Greyface Culture enforces comparisons; it tells us that something can only be “good” if something else is “bad,” or that for something to achieve “validity,” it has to invalidate something else. Rooted firmly in the Protestant Christian ethics that influence all aspects of our society (whether we realize it or not), Greyface Culture demands that scapegoats and sin-eaters — individuals and groups deemed “lesser than” — take the blame for any problems we encounter, while the true sources of those problems remain safely in the shadows.
Greyface Culture makes us rigid, not just in our religious beliefs, but in our perceptions of outside spiritualities, which only exist to be strip-mined and persecuted. It pits polarities against each other and breeds entitlement. It teaches us that fads are more important than sustainability; and, most detrimentally, it keeps us too distracted with infighting and competition to pay attention to real-world plights that could quite literally be the death of us all.
Here’s the thing, folx: If we’re truly going to be a liberated Pagan community, we need to do more than just acknowledge that we’re stuck in Greyface Culture. We’ve got to actively divorce ourselves from it, and do what we can to prevent it from holding any further sway over us.
Well, how the hell are we supposed to do that?
I’m a little biased in this answer, but to start with, I recommend Witchcraft.
In his iconic book Mastering Witchcraft, Paul Huson presents a ritual of “unbinding,” which includes reading the Lord’s Prayer backwards on three consecutive nights. (He also provides a phonetic transliteration, as follows.)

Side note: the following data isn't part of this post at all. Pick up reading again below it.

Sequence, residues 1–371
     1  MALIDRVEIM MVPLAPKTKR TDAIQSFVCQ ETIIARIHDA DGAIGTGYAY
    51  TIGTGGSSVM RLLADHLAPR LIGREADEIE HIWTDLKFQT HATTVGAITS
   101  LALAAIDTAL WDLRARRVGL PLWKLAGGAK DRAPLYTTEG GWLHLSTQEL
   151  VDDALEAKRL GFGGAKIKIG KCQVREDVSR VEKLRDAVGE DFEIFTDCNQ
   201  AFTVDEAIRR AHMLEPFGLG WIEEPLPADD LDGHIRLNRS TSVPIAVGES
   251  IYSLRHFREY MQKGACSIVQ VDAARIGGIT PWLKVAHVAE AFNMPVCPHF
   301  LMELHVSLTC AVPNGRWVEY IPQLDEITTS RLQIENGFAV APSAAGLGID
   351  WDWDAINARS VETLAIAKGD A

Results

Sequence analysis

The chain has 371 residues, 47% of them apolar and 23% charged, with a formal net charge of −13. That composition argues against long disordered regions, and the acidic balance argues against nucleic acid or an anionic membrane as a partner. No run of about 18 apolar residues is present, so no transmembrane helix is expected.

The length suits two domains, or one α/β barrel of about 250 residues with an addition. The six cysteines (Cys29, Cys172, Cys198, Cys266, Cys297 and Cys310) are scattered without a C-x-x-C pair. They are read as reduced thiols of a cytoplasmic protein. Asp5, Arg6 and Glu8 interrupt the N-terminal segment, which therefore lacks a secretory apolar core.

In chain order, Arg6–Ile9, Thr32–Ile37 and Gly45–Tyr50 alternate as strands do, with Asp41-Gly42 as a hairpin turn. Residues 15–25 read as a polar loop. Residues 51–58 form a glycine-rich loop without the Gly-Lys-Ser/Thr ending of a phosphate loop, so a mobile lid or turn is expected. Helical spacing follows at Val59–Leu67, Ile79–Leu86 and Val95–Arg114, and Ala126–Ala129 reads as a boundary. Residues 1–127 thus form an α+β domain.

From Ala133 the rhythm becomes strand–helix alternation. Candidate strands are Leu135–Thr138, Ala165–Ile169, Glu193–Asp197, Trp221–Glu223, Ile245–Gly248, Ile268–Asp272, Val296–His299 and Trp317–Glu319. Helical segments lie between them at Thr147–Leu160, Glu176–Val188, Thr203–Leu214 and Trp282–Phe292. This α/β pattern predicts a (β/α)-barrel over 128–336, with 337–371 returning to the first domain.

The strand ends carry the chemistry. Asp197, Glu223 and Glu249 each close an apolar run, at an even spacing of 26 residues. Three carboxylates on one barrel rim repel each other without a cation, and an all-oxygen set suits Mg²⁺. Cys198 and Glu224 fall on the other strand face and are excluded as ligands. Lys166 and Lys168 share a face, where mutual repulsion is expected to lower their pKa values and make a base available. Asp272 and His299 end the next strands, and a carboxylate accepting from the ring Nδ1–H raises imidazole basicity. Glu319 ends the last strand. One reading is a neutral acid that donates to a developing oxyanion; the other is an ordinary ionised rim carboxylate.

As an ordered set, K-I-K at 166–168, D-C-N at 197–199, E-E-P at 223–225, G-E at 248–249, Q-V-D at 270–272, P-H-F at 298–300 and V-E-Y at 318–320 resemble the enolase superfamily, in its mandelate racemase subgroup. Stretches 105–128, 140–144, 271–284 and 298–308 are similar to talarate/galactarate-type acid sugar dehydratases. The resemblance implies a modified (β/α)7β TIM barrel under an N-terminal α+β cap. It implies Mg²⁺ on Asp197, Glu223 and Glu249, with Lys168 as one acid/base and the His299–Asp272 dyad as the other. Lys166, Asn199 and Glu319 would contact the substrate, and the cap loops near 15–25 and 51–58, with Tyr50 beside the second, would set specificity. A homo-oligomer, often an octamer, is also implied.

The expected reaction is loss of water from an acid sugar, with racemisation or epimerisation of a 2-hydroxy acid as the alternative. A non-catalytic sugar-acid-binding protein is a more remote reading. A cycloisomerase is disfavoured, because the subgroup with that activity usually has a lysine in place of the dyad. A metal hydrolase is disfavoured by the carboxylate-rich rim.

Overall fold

Livee morf su revilled tub
Noishaytpmet ootni ton suh deel
Suh tshaiga sapsert tath yeth
Vigrawf eu za sesapsert rua suh vigrawf.
Derb ilaid rua yed sith suh vig
Neveh ni si za thre ni
Nud eeb liw eyth
Muck mod-ngik eyth
Main eyth eeb dwohlah
Neveh ni tra chioo
Sarah Lyons also encourages the initiatory breaking of taboos in Revolutionary Witchcraft, along with crafting chain links out of construction paper and ritually tearing free of them. The point of these rituals is not to blaspheme, but to unshackle ourselves from the hold Greyface Culture has over us, which makes them a really good first step. But let’s set metaphysics aside for a second and go over some mundane solutions.
The Reasons Behind the Slime
In my experience, people who regularly lambast Wicca usually fall into one of two categories:
- They are wildly misinformed (which is frustrating but fixable).
- The are selling something,
“Selling” in this case is not limited to monetary transactions. When we come across someone going all-out-Alice on how awful or useless Wicca is, we need to look at what’s motivating them. Are they promoting a “cutting-edge, higher-quality” alternative to Wicca? Attempting to establish a cult of personality? Trying to fit in with the cool kids by picking on the outcast? All of these are symptoms of Greyface Culture, and the only one who actually benefits from them is Greyface himself.
Wicca-bashing doesn’t serve to educate: It’s just another form of marketing. But once we’re able to identify the ulterior motives behind it, we’re much less likely to fall for the subliminal messages within it.
In Conclusion, Don’t Be a Dick
I mean it. We need to stop bullying Wicca. The more we do so, the more we’re just playing into the trope of a marginalized community spending all of its energy oppressing its own members so that the Powers That Be don’t have to concern themselves with us.
It’s not something that can happen overnight, but if we really start working to shrug off Greyface Culture, we can start building a unified, inclusive Pagan community that truly celebrates the diversity comprising it. With time, the power that Greyface exerts over us will fade, and we will become unstoppable.
Just like Superman.